Jack had received training from an experienced holy man under his parents' guidance after they realized that he was having difficulty interpreting his previous visions. Jack was also training to be a "weather doctor", following in his father's footsteps. He was known throughout Mason Valley as a gifted and blessed young leader. Preaching a message of universal love, he often presided over circle dances, which symbolized the sun's heavenly path across the sky.
Mooney confirmed that his message matched that given to his fellow Indians. According to Mooney, Wilson's letter said he stood before God in heaven and had seen many of his ancestors engaged in their favorite pastimes, and that God showed Wilson a beautiful land filled with wild game and instructed him to return home to tell his people that they must love each other and not fight. He also stated that Jesus was being reincarnated on earth inthat the people must work, not steal or lie, and that they must not engage in the old practices of war or the traditional self-mutilation practices connected with mourning the dead.
He said that if his people abided by these rules, they would be united with their friends and family in the other world, and in God's presence, there would be no sickness, disease, or old age. Wovoka began to prophesy around Wovoka's prophecies stressed the link between righteous behavior and imminent salvation. Salvation was not to be passively awaited, but welcomed by a regime of ritual dancing and upright moral conduct.
Do not hurt or do harm to anyone. Do what is right, always. Treat one another justly.
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Cleanse the body often. Do not refuse to work for the whites and do not make any trouble with them. The vision itself emphasized cooperation with whites in this world and equality with them in the next.
Wovoka believed that if he complied, he and other Indians would be rewarded in the new life. Wovoka also discouraged the practice of mourning — the dead would soon be resurrected — demanding instead the performance of prayers, meditation, chanting, and especially dancing. In his thirties, Wovoka began to piece together a religion from diverse cultural and religious doctrines into what would be called the Ghost Dance religion of His first source, tribal mysticism, drew upon the Northern Paiute Wodziwob who had prophesied in He urged his followers to dance in circles, already a tradition in the Great Basin area, while singing religious songs.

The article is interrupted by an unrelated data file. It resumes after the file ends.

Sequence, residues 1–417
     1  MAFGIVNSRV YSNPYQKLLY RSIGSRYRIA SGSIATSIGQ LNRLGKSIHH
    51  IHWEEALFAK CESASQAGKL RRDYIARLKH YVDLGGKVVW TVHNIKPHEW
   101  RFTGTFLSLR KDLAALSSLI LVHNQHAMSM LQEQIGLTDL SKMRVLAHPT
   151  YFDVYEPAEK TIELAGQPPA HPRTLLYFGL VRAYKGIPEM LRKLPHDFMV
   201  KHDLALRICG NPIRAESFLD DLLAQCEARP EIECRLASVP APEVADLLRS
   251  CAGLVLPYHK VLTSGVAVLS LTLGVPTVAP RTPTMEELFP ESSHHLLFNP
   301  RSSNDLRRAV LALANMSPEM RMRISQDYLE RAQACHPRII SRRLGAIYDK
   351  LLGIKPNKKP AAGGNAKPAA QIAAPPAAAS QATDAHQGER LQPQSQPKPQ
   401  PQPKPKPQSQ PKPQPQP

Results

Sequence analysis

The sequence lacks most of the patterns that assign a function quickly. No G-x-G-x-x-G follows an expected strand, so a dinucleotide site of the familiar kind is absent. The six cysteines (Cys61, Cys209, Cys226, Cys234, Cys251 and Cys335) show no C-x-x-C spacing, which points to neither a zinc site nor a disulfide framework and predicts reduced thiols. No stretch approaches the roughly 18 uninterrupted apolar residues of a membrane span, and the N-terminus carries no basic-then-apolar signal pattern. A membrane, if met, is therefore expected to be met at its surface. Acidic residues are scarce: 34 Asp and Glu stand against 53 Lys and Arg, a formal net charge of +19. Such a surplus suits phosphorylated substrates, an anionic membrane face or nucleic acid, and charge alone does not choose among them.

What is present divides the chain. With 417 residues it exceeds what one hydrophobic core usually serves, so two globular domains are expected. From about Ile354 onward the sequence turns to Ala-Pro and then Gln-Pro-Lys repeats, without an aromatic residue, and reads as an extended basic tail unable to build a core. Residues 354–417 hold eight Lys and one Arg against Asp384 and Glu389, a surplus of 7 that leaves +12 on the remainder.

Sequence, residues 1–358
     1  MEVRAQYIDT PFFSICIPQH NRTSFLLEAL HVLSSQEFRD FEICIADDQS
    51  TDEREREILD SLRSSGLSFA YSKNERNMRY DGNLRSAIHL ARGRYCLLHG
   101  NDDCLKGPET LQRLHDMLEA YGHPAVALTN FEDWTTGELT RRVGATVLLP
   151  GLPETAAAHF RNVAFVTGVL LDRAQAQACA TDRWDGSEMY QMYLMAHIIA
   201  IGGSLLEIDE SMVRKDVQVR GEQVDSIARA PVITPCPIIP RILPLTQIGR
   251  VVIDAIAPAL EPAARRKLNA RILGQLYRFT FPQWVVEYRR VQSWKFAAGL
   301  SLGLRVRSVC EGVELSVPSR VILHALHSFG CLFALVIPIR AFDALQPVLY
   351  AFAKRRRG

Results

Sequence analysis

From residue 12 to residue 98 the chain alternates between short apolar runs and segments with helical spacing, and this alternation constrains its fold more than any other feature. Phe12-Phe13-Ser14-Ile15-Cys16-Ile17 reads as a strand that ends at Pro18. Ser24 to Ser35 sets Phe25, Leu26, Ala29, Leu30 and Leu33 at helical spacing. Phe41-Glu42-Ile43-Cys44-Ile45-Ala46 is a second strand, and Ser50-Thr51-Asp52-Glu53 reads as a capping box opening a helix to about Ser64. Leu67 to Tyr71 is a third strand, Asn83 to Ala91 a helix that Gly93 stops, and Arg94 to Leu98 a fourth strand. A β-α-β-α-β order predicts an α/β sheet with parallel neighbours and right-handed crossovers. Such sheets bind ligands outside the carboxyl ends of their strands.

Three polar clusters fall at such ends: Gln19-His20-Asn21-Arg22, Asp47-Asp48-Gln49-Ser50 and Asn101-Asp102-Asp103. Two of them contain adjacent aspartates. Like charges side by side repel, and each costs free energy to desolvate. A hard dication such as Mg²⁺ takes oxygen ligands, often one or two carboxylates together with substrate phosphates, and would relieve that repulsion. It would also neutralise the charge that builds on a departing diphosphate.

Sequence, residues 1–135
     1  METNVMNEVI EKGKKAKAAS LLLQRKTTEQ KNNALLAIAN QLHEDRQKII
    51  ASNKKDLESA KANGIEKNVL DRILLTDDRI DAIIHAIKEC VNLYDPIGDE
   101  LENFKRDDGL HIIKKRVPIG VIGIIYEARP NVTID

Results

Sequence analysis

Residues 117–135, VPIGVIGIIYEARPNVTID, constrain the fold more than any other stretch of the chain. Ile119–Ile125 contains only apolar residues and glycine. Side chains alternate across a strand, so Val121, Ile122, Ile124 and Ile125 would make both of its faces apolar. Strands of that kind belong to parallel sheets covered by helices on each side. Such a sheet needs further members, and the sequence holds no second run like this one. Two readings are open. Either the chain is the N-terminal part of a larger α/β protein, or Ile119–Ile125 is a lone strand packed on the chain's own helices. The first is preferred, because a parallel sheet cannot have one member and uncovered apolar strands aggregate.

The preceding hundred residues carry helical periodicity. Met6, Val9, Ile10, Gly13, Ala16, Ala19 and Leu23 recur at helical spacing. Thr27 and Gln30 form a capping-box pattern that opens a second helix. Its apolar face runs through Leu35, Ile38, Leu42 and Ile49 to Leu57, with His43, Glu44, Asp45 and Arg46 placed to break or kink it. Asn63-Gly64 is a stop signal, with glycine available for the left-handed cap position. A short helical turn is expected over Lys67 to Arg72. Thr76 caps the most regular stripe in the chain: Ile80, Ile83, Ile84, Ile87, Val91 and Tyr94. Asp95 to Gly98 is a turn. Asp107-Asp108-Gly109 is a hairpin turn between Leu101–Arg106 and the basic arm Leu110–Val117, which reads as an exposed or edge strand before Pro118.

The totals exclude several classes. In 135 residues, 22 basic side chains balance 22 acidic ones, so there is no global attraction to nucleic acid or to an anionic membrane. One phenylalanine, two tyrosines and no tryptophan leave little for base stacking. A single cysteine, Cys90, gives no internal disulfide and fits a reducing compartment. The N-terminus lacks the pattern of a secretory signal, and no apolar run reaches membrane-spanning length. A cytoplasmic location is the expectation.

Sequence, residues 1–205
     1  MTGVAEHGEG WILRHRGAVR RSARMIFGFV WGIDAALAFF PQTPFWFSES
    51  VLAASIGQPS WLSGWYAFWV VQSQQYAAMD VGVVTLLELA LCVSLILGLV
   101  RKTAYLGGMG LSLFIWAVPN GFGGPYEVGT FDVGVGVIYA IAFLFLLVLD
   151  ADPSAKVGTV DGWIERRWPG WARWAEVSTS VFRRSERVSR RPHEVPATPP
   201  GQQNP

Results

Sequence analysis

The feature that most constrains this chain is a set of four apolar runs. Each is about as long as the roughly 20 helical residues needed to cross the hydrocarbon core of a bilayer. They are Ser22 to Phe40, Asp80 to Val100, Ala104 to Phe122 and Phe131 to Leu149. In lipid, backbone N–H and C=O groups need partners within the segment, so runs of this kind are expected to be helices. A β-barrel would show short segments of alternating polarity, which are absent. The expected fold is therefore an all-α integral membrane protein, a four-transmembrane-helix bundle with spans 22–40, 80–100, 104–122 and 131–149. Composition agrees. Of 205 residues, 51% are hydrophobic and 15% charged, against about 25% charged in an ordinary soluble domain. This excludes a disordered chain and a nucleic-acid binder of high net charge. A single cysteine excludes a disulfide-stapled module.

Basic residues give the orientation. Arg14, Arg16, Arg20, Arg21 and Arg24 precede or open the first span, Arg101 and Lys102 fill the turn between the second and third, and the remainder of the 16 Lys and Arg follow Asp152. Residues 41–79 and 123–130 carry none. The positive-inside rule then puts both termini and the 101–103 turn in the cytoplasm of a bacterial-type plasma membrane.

Wovoka's second source, his Christian education, added the concept of a supreme being, and validation for the resurrection of natives. Drawing on the Bible, Wovoka incorporated the story of Jesus, the messiah who had come to live on earth to spread the message of peace and love to the white man, and the resurrection of believers.
God gave Wovoka a dance that was to be performed for five consecutive days.
His message of a new golden age was received with enthusiasm, and it spread quickly among the Great Basin and Great Plains tribes. Many tribes sent delegates to visit Wovoka, hear his message, and receive instructions for the dance.
Throughout the yearthe Ghost Dance was performed, stimulating anticipation of a return of the old ways.
That turn of events was all the more remarkable for three reasons: Instead, members of other nations came to Nevada to learn from him. The movement preached unity among tribes — even those that were once enemies — and a revival of Indian customs that were threatened by the civilization of European peoples. They also spoke openly about why they were dancing.
The Ghost Dance, they claimed, brought about renewal of native society and decline in the influence of the whites. The dance and ceremonial garments. The most important practice to ensure the effectiveness of the movement was the dance itself. It was unlike other Indian dances with fast steps and loud drumming. Participants joined hands and sidestepped leftward around a circle, following the course of the sun, while singing special songs about how Native American life would be restored to its former order and balance in a dance.
It would be performed for four or five days and was accompanied by singing and chanting, but no drumming or other musical instruments. In addition, both men and women participated in the dance, unlike others in which men were the main dancers, singers, and musicians. Wovoka claimed that performing the dance would result in the return of the buffalo. The ritual garments were just as important as the movement itself.
The Ghost Dance dresses and shirts, painted with magic symbols, reflected the spiritual aspects of the ceremony. Wovoka told those that had come to learn from him, "When you get home you must begin a dance and continue for five days.